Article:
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Victim of anti-gay crime talks about going from ‘hate to hope’

Matthew Boger meets his skinhead attacker; the two men become friends
By: Sena Christian Gold Country News Service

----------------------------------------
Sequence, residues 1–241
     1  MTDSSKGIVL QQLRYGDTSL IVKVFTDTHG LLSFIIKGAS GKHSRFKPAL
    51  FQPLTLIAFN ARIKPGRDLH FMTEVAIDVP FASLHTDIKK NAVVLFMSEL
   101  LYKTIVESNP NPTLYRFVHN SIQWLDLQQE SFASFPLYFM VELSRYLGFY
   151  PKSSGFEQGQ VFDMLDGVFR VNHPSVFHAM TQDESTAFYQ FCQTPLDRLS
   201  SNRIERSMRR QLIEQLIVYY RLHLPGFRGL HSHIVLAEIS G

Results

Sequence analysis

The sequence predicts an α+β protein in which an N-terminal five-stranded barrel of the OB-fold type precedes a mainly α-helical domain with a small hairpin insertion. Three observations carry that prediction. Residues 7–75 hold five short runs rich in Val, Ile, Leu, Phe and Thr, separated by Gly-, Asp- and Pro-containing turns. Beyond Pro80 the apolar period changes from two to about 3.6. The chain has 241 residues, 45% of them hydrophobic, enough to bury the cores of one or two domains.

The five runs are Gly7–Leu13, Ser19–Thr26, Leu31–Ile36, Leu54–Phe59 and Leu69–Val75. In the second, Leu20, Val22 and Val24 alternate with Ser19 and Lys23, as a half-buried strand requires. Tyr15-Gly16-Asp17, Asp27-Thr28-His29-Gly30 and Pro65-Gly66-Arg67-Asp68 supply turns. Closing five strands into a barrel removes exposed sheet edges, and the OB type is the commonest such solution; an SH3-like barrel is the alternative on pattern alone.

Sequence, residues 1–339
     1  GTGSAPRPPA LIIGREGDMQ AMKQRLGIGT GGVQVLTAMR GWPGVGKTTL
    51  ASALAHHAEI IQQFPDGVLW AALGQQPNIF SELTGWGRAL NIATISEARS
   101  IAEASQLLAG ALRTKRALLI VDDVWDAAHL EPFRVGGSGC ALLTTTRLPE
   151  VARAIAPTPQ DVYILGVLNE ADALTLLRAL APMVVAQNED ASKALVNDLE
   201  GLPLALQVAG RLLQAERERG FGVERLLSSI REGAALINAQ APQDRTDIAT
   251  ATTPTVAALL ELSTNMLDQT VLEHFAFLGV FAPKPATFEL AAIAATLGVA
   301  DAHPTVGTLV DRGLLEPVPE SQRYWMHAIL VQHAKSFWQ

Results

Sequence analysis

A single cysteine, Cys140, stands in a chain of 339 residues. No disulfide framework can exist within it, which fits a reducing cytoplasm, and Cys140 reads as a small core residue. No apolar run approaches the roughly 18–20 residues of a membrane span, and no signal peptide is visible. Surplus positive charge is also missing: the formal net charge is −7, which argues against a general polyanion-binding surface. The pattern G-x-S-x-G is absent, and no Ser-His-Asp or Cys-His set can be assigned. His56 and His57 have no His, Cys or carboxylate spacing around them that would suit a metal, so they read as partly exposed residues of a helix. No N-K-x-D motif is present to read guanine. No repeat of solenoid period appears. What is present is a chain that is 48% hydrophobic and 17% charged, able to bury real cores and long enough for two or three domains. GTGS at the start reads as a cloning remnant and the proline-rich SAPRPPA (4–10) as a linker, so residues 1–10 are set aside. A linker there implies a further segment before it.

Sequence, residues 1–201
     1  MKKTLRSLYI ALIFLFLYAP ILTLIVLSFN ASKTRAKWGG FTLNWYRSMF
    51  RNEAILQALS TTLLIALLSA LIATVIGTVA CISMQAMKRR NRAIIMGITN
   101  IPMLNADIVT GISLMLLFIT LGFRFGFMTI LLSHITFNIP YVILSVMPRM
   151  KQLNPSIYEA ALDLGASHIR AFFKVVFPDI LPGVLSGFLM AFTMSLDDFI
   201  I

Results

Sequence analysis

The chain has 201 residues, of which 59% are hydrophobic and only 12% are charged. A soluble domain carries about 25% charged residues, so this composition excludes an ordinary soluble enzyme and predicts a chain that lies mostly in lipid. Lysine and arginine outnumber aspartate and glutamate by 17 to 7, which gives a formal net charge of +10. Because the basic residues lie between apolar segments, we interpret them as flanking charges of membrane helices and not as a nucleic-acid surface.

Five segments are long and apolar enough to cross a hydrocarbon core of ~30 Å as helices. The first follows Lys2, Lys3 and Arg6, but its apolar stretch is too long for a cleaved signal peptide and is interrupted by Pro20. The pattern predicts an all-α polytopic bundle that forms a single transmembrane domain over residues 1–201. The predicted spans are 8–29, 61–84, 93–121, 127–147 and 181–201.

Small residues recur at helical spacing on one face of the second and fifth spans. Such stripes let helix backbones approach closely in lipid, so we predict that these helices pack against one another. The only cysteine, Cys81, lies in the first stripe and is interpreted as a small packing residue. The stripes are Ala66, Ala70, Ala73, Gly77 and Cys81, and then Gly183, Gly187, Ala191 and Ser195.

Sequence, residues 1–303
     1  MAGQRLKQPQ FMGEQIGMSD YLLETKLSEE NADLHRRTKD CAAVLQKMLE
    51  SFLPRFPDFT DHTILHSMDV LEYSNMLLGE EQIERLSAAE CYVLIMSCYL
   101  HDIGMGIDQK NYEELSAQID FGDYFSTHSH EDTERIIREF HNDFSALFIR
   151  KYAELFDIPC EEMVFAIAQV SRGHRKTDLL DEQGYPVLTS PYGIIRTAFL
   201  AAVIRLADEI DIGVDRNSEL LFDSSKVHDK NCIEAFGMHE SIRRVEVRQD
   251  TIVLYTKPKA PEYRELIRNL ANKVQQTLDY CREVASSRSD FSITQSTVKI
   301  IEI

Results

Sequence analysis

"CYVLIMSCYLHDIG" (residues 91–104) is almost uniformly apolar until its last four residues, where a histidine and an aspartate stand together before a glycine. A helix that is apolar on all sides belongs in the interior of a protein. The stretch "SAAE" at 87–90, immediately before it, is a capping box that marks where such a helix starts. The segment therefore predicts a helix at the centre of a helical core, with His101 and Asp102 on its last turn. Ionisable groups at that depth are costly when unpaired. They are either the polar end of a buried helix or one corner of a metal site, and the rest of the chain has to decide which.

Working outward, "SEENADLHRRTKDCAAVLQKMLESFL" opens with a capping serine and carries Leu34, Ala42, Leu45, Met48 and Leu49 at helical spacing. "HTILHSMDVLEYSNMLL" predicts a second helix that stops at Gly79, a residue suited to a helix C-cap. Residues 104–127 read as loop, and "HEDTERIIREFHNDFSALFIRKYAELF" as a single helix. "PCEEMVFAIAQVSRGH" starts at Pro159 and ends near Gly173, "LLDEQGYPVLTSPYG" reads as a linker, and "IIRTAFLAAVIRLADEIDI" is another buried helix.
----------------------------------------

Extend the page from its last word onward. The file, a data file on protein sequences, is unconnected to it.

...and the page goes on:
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It began as a normal meeting over coffee. The two men, colleagues at the Museum of Tolerance in Los Angeles, discussed the upcoming visit of a group of high school students who teachers said were intent on starting a white supremacist campaign on campus. Matthew Boger and Tim Zaal brainstormed how to approach their presentation to the students. Then, the conversation turned to their pasts. As a teenager, Boger lived on the streets of West Hollywood for four years after being kicked out of his house for being gay. One night, he was beaten to a pulp. During Boger’s homelessness, he often hung out at a hamburger stand in a park. Zaal hung out there, too. Zaal described an incident one night in 1981 when he, then a neo-Nazi skinhead, believed he had left a kid dead in the alley. “The only people that knew what happened in the alley were the 14 skinheads there and me,” Boger said. At that moment, he realized he was staring at the face of his attacker. “I was in shock,” he said. “I couldn’t believe I was sitting across from this person. I left him sitting there.” El Dorado County resident Boger, 43, will discuss this experience during his "From Hate to Hope" presentation Thursday at Sierra College. It’s not just the hate crime he will describe but the surprising friendship with Zaal that followed. Their story inspired the novel “Freaks and Revelations” by Davida Wills Hurwin. Boger’s presentation tells a story of forgiveness and redemption designed to educate students and adults about the tragic consequences of bullying and hatred. The event is co-sponsored by Parents, Families and Friends of Lesbians and Gays (PFLAG) of Greater Placer County. “One of our big concerns has to do with hate crimes that target LGBT people and their families,” said local PFLAG President Richard Ernst. “We have a specific concern for young people in school who are LGBT or perceived to be. We hope for this presentation to be educational for people to hear this story of someone who has been through these experiences and come through them.” During the event, Boger will briefly talk about the consequences of bullying before opening up to questions and answers. “The questions tend to go to how was I able to forgive Tim after such a horrendous act of violence and hate,” Boger said. Hayley Hanley, 17, Placer High School senior and president and co-founder of the school’s Gay Straight Alliance club, said she thinks Boger’s presentation will be an inspiration to those who hear it. “I think this will be a mind opener for many people, and (they will) realize that things happen in the past, people do change,” Hanley said. “And (I think it will help listeners) consider what they are doing now and see if (their actions) have any sort of discrimination, and to consider in the future things can definitely change.” Placer High junior Nicole Brisson, 16, also a member of the Gay Straight Alliance, said she was amazed when she heard about Zaal’s change of heart. “That is the biggest change,” Brisson said. “Oh, wow. That’s crazy.” Brisson said she wished she knew what changed Zaal’s outlook. “If he changed through information or presentations given, that definitely sends a really hopeful message to everyone out there who is trying to make that change in people,” she said. Placer High senior Connor Soejoto, 18, co-founder of the Gay Straight Alliance Club, said he thinks Boger and Zaal’s story and the message that surrounds it is “phenomenal.” “They both can grow as people from the entire event,” Soejoto said. “Acceptance and tolerance change every day, and I think it’s important to realize we as a society need to start stepping in the right direction of equality, acceptance and tolerance.” For his part, Boger wants to broaden the conversation to include hate crimes committed against all people belonging to a targeted group. Reaching out to young people may be the perfect place to start, he said. “They’re more ‘whatever is whatever, it doesn’t bother me,’” Boger said about teens’ attitudes toward gays. “They’re more aware.’” Ernst, 73, agrees that as each youth generation moves forward, more progress occurs. “There’s a great deal more public acceptance and welcoming of people who have a different-than-majority sexual orientation,” said Ernst, a former United Methodist pastor who is not gay. Ultimately, the goal isn’t simply tolerance. “I don’t want to be tolerated,” Boger said. “Respect and acceptance are way more important than tolerance.” Bridget Jones contributed to this report. Sena Christian can be reached at senac@goldcountrymedia.com. ------------------------------------------------------- Matthew Boger presents “From Hate to Hope” When: 7 p.m. Thursday, April 7 Where: Dietrich Theatre, Sierra College, 5000 Rocklin Road in Rocklin Cost: Free admission, parking $2 Info: A special presentation sponsored by Parents, Families and Friends of Lesbians and Gays of Greater Placer County, and Sierra College Rainbow Alliance. Book signing to follow event. For more information, call (530) 274-5359 or visit sierracollege.edu. ------------------------------------------------------- Parents, Families and Friends of Lesbians and Gays (PFLAG) of Greater Placer County’s next meeting When: 7-9 p.m. Monday, May 9 Where: Conference room A, Sutter Auburn Faith Hospital, 11815 Education St. in Auburn. Info: Open to the public. Visit pflagplacercounty.org.